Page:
Atmospheric Pressure Plasmas

Coherent anti-Stokes Raman scattering (CARS)

Atmospheric pressure plasmas - especially those intended for industrial application - are often operated in molecular gases. Compared to atomic gases, these have additional degrees of freedom to store energy in. How exactly the energy of the electrons - coupled into the plasma by the electric field - is distributed over the different degrees of freedom, can vary strongly and depends on multiple parameters, like the used gas mixture, the electric field profile and the gas density. Therefore, by controlling the plasma parameters it is possible to control the energy distribution, for example to favor certain chemical reactions - in the volume of the reactor as well as on catalytic surfaces. But to do this in an efficient and reliable way, it is crucial to measure the number densities of excited molecules. One way to detect rotational and vibrational excited states is by coherent anti-Stokes Raman scattering (CARS). While this technique might seem overly complicated, compared to laser absorption measurements, it has the compelling advantage, that it can probe vibrational transitions which are dipole forbidden (for example due to a lack of permanent dipole moment as it is the case in homonuclear molecules like oxygen and nitrogen). The setup consists of three ns-pulsed lasers two narrowband and one broadband laser, which together with the molecular gas in the plasma produce a fourth coherent (i.e. laser like) beam. While this fourth beam is too weak to be seen by the human eye, it can be detected by a sensitive spectrometer. The measured spectrum is then compared to simulated ones to finally obtain the rotational and vibrational distribution functions of the molecules.

Electric field induced second harmonic generation (E-FISH)

One of the most important parameters determining features of gas discharge plasma is the value of the reduced electric field, E/N, since it controls electron energy distribution function (EEDF) and, consequently, electron energy losses pathways, which have strong influence on active species yield of the discharge. Thus, measurements of E/N in the discharge is a subjects of a prior interest. To measure an electric field in nanosecond discharges, in particular, Atmospheric Pressure Plasma Jet (APPJ), Electric Field Induced Second Harmonic Generation (E-FISH) is used.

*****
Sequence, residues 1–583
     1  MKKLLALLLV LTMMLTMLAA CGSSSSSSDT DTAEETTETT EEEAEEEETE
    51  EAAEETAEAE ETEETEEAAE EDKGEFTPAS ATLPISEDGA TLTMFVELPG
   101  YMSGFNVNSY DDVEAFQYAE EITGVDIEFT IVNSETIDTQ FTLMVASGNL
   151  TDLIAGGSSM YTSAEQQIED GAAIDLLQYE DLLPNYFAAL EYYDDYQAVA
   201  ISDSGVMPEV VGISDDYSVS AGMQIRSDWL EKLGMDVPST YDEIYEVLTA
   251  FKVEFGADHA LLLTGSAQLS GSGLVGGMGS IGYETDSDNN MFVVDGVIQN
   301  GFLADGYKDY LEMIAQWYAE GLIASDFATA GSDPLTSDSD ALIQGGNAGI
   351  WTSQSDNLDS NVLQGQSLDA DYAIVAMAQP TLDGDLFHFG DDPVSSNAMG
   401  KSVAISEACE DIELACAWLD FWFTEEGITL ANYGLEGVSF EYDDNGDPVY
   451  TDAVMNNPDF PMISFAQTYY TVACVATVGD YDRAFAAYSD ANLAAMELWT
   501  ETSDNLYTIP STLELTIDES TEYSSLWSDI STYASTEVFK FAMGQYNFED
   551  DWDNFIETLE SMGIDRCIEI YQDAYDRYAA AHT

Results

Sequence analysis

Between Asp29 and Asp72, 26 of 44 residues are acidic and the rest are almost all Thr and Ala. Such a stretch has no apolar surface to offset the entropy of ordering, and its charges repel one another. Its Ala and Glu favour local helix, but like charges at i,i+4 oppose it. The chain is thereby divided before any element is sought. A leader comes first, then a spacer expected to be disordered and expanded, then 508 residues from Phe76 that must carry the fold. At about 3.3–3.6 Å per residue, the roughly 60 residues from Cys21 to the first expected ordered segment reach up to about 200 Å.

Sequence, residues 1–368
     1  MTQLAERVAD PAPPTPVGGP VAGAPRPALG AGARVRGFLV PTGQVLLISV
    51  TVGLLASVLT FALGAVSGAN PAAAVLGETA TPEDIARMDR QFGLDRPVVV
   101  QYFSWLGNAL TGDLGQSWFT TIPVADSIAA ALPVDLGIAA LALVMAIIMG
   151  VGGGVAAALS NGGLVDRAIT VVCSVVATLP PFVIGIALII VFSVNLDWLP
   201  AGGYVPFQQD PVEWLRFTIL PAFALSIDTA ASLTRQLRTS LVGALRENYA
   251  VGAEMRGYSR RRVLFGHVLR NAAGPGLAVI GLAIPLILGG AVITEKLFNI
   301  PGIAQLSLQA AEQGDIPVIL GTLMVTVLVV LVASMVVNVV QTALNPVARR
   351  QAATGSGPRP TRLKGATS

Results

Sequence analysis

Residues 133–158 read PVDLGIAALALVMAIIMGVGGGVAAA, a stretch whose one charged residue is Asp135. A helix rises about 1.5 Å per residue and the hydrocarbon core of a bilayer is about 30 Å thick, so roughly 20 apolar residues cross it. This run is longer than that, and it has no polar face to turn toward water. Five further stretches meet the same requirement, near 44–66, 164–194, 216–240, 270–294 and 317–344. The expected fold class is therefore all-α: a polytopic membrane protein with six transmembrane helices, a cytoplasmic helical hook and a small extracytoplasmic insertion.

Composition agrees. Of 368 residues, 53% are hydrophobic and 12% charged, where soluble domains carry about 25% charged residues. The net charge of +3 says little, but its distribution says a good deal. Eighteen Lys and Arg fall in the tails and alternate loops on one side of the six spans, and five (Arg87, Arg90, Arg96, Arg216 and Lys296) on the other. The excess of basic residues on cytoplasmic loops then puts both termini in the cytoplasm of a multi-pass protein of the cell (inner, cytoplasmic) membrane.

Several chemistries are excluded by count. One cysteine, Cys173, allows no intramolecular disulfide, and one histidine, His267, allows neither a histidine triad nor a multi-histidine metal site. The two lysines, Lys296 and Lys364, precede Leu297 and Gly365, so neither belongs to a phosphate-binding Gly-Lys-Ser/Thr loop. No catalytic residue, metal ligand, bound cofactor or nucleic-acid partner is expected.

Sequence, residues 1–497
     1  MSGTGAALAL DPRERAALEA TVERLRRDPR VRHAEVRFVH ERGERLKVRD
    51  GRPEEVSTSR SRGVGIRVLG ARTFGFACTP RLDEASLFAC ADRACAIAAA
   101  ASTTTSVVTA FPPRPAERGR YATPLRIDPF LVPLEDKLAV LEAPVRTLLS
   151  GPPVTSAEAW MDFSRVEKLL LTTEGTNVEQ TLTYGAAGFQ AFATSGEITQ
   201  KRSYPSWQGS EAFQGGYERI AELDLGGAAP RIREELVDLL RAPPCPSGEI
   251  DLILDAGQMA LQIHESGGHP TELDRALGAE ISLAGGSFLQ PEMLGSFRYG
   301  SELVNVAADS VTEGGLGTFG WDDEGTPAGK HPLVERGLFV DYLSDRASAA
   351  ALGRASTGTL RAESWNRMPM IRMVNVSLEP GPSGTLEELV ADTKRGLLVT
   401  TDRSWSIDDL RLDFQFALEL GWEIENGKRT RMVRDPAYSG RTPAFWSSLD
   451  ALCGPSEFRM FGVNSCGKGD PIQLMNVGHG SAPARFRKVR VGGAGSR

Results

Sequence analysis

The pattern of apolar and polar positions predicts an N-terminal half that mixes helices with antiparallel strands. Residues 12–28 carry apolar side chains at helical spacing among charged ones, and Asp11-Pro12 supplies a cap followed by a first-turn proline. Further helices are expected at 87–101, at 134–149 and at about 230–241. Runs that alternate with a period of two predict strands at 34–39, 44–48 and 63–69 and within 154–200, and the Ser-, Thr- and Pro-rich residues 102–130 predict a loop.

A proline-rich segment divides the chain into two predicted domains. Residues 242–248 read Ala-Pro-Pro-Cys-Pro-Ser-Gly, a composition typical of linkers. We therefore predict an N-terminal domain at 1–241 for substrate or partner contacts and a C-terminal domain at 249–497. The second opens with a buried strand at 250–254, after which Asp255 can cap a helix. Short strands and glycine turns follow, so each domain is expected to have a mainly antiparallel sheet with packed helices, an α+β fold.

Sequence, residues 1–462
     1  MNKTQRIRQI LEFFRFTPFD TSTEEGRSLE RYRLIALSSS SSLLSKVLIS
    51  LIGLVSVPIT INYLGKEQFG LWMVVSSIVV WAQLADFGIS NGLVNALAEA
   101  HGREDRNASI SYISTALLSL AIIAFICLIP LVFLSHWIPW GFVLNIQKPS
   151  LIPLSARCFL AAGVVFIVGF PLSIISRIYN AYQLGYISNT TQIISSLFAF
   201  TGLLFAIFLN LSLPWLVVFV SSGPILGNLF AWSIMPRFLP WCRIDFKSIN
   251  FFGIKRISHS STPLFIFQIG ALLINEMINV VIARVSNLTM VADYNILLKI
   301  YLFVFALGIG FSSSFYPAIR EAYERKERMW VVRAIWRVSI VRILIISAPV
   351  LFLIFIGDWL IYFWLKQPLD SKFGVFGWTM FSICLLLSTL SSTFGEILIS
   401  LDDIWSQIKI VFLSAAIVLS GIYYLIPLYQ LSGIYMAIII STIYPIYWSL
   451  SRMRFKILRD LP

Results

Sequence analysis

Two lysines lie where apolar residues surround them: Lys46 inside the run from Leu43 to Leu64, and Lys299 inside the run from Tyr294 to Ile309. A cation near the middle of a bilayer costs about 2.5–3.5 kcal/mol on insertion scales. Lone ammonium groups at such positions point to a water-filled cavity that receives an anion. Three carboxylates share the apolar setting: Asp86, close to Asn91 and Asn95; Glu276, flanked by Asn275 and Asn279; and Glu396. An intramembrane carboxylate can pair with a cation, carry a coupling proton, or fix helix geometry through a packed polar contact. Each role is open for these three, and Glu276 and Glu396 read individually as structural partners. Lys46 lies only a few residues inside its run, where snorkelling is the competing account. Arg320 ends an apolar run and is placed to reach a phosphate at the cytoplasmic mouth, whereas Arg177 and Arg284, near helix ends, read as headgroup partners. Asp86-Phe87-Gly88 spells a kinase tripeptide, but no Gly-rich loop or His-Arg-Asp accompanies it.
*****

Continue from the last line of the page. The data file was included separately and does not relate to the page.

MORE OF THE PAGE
The idea of the technique is rather straightforward. The laser emission at frequency ω is focused inside the discharge gap and in a presence of the external electric field (field in the discharge) the light at frequency 2ω (second harmonic) is generated. Intensity of the second harmonic is proportional to a square of the applied electric field strength. Using the calibration curve obtained by measuring the second harmonic intensity at known electric field value on can reconstruct the electric field in the discharge. Tightly focused laser beam allows to obtain high spatial resolution (few tens of micrometers), which is extremely important for studies of APPJ or other microplasmas. Temporal resolution is limited by duration of the laser pulse. A picosecond laser used in our laboratory for EFISH provides the temporal resolution of 100~ps, which is high enough to resolve such transient events as a breakdown in the nanosecond discharge. Another great advantage of this technique is that the same laser and the same optical setup can be used for any gas mixture, no changes are required. For example, the electric field has been successfully measured in pure nitrogen and helium:nitrogen mixture. The electric field combined with other electric measurements (electric current and voltage) provided an additional information about the discharge: electron density and voltage drop over the sheath layer.

Besides the electric measurements an Optical Emission Spectroscopy (OES) is used in our laboratory to study nanosecond discharges. Spectra taken during the discharge as well as streak camera measurements of selected optical transitions allow to investigate development of the discharge with sub-nanosecond time resolution. Spatially resolved OES provides information about the discharge structure and its dynamics.